Netflix’s pricing woes last year did little to dent its massive impact on U.S. online video spending in 2011, according to new data from research firm IHS.

The streaming service not only surpassed Apple for the first time in terms of market share for total revenues derived from spending on movies, it nearly cut iTunes’ portion in half. Apple’s cut of total revenues plummeted from 61% in 2010 to 32%. Netflix’s 44% share represented an increase of nearly 10,000% over 2010, when its share was less than 1%.

Netflix’s stratospheric rise last year validated its subscription VOD business model at a time when a la carte transactions and rentals of physical discs continued what seems to be a secular decline. The 11% drop in average spending on discs — both film and TV — year over year was the first double-digit decline in a category that has been sinking steadily since 2004.

Netflix’s surge could have been greater had the company not hiked some of its prices and split off its DVD component, decisions that sent its subscriber base tumbling late last year. Yet revenue was strong enough that Netflix nearly single-handedly gave SVOD nearly half of the online movie business, which doubled year over year to almost $1 billion.

SVOD alone accounted for $454 million, 66% more than the transactional VOD and 92% more than electronic sell-through managed to muster. Transactional VOD is still up a healthy 75% while EST eked out a 2% bump, which reflects the diminishing prospects of ownership of titles in a digital marketplace that facilitates rentals.

ITunes offers transactional VOD and EST, but not SVOD, though Apple has long been rumored to be preparing a foray into SVOD. For now, the company has been content to give owners of its many devices easy access to Netflix apps, which may be suppressing iTunes revenues.

That said, Netflix and iTunes offer a different mix of titles. IHS estimates that as many as 80% of movies watched on transactional platforms like iTunes are new releases, while Netflix traffics heavily in library titles.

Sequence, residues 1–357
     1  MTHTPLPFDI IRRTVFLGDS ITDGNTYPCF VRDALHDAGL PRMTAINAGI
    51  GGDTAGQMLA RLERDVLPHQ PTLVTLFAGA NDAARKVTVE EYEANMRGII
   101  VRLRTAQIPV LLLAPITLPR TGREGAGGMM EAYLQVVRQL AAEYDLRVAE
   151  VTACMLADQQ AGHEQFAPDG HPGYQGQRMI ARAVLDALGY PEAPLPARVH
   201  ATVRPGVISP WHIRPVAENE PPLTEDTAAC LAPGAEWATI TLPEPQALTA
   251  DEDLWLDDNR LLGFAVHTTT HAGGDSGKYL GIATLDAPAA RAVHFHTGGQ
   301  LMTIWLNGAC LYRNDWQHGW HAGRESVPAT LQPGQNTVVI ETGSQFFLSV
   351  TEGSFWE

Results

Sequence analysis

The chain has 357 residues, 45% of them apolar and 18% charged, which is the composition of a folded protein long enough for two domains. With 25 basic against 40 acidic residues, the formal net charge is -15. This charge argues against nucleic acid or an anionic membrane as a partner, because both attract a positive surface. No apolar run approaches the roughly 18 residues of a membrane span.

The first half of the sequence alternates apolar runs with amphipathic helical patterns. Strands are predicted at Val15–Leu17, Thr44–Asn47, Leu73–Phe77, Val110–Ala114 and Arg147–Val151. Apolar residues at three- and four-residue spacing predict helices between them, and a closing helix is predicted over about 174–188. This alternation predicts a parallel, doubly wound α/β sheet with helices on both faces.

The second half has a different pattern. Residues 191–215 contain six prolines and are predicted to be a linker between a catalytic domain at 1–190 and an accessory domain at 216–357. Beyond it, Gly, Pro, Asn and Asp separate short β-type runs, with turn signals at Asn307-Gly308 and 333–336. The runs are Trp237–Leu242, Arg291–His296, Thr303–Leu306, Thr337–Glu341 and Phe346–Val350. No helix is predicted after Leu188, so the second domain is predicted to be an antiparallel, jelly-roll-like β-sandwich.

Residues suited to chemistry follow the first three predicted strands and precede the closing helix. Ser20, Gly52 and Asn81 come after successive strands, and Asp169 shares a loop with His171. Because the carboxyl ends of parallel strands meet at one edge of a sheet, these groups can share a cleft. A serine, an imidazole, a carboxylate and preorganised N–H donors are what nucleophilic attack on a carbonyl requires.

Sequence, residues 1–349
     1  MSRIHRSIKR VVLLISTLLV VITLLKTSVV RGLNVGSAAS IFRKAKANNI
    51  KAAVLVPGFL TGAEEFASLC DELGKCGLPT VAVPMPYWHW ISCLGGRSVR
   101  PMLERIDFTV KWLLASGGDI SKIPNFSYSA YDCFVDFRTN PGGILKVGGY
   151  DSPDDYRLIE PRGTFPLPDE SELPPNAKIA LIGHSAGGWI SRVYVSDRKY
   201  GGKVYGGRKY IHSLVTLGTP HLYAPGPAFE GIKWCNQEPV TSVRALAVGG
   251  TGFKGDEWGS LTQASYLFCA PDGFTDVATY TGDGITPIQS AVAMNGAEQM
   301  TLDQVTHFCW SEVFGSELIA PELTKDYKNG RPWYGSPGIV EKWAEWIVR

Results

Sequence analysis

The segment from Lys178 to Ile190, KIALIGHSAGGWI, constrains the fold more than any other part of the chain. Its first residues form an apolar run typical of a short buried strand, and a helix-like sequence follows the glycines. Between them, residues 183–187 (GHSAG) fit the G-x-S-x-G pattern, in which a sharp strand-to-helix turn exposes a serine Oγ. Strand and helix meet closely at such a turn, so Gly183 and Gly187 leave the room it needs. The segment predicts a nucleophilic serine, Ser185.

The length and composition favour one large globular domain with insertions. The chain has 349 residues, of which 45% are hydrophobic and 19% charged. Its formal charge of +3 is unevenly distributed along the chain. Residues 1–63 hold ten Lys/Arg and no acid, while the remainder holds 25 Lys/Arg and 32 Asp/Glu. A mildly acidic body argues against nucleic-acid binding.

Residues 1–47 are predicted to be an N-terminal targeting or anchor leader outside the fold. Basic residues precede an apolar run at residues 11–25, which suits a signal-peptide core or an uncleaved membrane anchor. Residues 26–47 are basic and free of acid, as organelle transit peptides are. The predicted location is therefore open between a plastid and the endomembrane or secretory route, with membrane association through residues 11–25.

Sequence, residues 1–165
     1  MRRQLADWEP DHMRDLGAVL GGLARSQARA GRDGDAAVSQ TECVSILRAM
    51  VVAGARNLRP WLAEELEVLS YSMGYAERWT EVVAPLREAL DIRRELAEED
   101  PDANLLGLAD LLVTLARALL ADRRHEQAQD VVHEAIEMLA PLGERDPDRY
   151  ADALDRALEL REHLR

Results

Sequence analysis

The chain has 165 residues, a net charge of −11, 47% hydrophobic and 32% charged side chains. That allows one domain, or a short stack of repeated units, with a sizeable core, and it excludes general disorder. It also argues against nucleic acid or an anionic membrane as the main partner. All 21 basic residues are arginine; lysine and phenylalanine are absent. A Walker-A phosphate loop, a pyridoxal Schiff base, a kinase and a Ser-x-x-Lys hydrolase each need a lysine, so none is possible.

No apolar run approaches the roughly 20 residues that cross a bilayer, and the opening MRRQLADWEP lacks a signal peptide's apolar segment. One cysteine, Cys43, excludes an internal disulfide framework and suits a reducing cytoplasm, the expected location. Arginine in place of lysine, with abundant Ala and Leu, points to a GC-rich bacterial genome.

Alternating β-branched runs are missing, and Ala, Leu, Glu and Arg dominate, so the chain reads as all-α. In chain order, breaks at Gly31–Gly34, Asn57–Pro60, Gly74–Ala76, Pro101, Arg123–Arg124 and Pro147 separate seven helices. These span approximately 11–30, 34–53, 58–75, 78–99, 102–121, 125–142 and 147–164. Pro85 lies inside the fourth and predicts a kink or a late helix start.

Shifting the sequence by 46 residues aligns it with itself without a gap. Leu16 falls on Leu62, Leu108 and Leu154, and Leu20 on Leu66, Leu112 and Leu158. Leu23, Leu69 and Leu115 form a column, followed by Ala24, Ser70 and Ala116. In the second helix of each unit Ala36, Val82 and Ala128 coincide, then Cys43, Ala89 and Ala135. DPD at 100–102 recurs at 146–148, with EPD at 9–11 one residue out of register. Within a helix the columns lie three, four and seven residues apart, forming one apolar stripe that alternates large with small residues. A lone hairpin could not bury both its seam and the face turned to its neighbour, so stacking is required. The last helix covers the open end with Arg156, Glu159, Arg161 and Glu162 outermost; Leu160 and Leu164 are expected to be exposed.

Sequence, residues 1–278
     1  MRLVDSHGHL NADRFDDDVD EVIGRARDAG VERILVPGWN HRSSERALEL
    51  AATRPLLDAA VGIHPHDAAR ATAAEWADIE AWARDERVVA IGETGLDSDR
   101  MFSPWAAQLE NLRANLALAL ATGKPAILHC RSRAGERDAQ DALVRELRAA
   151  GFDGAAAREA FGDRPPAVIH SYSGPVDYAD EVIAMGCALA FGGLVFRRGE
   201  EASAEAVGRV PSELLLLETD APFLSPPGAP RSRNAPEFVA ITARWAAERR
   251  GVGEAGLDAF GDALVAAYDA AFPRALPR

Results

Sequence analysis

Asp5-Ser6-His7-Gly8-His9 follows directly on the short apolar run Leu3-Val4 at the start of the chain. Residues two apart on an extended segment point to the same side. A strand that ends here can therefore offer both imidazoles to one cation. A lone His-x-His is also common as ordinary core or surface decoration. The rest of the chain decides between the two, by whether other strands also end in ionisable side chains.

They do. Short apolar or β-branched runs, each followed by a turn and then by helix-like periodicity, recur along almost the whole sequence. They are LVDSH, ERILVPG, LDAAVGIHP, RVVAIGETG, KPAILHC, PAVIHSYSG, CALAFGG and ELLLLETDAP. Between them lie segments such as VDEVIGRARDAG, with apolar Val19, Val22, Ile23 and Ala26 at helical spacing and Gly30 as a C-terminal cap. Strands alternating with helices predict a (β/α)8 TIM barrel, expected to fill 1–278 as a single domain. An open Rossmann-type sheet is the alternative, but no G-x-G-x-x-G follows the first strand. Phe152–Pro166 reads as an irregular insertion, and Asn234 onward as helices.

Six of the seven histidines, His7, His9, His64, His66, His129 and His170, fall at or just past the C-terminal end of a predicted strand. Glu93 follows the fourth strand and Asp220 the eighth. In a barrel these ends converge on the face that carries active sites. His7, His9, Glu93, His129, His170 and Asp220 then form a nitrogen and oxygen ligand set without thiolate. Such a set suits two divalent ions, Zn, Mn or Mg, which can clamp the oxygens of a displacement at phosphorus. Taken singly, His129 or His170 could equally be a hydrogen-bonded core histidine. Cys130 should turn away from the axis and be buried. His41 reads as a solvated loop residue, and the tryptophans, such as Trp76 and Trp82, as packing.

The softness of EST may be hurting iTunes more than anything when you consider that just one newly released movie can go for as much as $20, more than double what it costs to watch as many titles as you want on Netflix for one month.

What may be even more surprising is that iTunes barely inched down its market share when you take out Netflix and make a more direct comparison to just other transactional VOD players. Apple still dominates with 63% of revenue in this category, down from just 65% the previous year.

A distant third to Netflix and Apple in share of online movie revenues was Microsoft, with 7.6%. Walmart’s Vudu followed with 4.2% and then Sony, 2.4%. However, Vudu was the only one of the three up over last year, while Microsoft plummeted from 2010 share of nearly 17%. Microsoft allows for sale and rental of movies through the XBox Live component of its gaming console.

Netflix’s success didn’t help the physical-disc biz, which declined in both sales and rental revenues to a combined $14.5 billion, down from $16 billion in 2010. But the physical disc market may actually look better next year, predicts IHS analyst Michael Arrington, given the strength of the box office year to date.

Retailers via kiosk like Redbox may slow the decline in physical-disc rentals somewhat. They accounted for 34% of that category in 2011, a figure expected to break 50% by 2015.

Arrington also estimates that the total home entertainment market is about $17.2 billion when spending on physical discs is combined with multichannel VOD, digital VOD, SVOD and EST.